Glenner v. Walworth County, and Friemoth v. Walworth County, Docket No. 17-LFSRB-02, Cheryl Daniels, Board Attorney
With reference to the above matter, I want to make it clear that my neighbors and I are very supportive of our farming community. I was pleased with the thoughtful consideration of this matter by the Livestock Facility Siting Review Board. The challenge of the County Zoning Agency of Walworth County’s siting permit approval was successful, but I believe that the Siting Board’s decision may not provide sufficient guidance to the County Zoning Agency so that it can properly conduct all future hearings and siting applications reviews.
During its discussion of the matter, the Siting Board indicated (i) there is a correct method to both comply with state and local law while still complying with Siting Law, (ii) there are ways to regulate and protect the public safety and welfare by the County uniformly enforcing state and local laws, rules, and regulations designed to protect the public interest, and (iii) the County Zoning Agency of Walworth County failed to prepare and vote upon required Findings of Fact and receive into the public record certain showings and documents. The County Zoning Agency of Walworth County should now correct its errors and the Friemoths should submit accurate documents and application materials. The public should be allowed to receive these documents and materials and challenge them, if appropriate.
The appeal has been about appropriately granting an expansion of an existing livestock operation to 944 Animal Units. Walworth County is responsible for making sure that all applicable laws, rules and regulations are complied with. The County also has the duty to protect the public safety and welfare of the community.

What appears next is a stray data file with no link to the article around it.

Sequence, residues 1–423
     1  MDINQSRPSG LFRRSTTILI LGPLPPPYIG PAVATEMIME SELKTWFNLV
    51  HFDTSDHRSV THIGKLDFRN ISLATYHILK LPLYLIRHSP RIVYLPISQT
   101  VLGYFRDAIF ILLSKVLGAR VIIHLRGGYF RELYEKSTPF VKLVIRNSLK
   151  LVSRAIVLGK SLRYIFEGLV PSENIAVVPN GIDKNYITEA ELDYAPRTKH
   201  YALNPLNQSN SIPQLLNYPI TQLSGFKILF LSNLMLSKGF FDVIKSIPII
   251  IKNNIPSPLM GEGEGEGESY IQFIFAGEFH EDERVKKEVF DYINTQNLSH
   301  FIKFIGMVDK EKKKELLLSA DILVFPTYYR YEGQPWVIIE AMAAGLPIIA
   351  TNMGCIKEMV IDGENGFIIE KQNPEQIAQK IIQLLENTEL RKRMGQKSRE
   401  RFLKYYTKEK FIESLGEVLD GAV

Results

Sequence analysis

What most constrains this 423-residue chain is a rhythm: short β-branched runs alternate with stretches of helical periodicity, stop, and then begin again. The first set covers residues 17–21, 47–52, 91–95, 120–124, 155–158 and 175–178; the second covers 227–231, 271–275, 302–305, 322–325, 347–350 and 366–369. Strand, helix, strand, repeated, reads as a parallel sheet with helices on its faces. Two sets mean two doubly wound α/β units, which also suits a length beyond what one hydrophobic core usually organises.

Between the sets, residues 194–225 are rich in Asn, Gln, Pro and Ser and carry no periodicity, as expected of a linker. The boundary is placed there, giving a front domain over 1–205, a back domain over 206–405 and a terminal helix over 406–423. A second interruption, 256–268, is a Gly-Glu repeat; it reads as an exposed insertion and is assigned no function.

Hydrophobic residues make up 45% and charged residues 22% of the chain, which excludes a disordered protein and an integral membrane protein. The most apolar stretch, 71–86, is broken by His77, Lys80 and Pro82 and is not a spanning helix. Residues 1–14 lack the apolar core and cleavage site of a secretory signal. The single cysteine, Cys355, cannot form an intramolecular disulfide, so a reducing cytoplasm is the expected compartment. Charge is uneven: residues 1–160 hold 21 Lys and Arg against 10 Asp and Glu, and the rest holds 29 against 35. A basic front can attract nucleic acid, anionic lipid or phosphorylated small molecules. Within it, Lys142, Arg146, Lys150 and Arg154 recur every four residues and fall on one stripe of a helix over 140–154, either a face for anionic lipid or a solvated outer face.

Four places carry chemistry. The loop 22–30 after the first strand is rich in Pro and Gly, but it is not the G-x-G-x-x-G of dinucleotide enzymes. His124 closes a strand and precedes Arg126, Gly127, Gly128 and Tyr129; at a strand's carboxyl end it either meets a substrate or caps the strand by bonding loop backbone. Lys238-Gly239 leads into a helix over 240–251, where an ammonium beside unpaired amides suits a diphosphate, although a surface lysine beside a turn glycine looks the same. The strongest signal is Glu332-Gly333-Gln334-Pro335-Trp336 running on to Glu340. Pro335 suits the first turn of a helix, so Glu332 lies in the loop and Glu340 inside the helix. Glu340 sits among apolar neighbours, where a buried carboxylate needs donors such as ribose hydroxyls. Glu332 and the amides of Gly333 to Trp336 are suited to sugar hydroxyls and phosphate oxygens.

The County was aware that the Friemoths were operating above the allowed number of Animal Units for the facility and yet it initially approved an expansion of additional Animal Units without appropriately considering ground water contamination, ground water run-off, significant odor problems and other environmental concerns which could adversely affect neighbors’ contiguous land and Sugar Creek.
I am very concerned after listening to the video of the County Zoning Agency from Thursday, January 18, 2018 that the County may not properly handle this and other similar matters given a statement that Walworth County should consider whether it wants “to stay in this business of livestock siting in general.” Walworth County has a legal obligation to protect its citizens’ health, welfare and safety.
It is important that Walworth County, which has the financial and institutional resources available to it, not be allowed to abdicate its responsibility. The original vote by the County Zoning Agency of Walworth County likely would have been different if: (i) the Friemoths (represented by competent counsel from Michael Best & Friedrich, one of the largest law firms in the State of Wisconsin,) had provided all the facts and required completed documentation; (ii) the inaccuracies in the Applicant’s statements and documentation were made clear and were properly addressed in the required Findings of Fact; (iii) the Friemoths’ uncertainty of utilizing additives (which they took credit for in calculating their odor score) were known by the County; and (iv) the County was aware of Applicants’ intent to request reversal of conditions that were previously agreed upon by the Applicants while they were assisted by competent counsel.
It would be unfortunate if the Siting Board’s decision had the unintended effect of discouraging applicants to work with the community and neighbors to balance their economic interests and environmental concerns.
To prevent such an unfortunate result, I am willing to exercise all rights and remedies available at law to protect our community and find a proper balance to support the farming community within Walworth County.
Cary S. Glenner
Highland Park, IL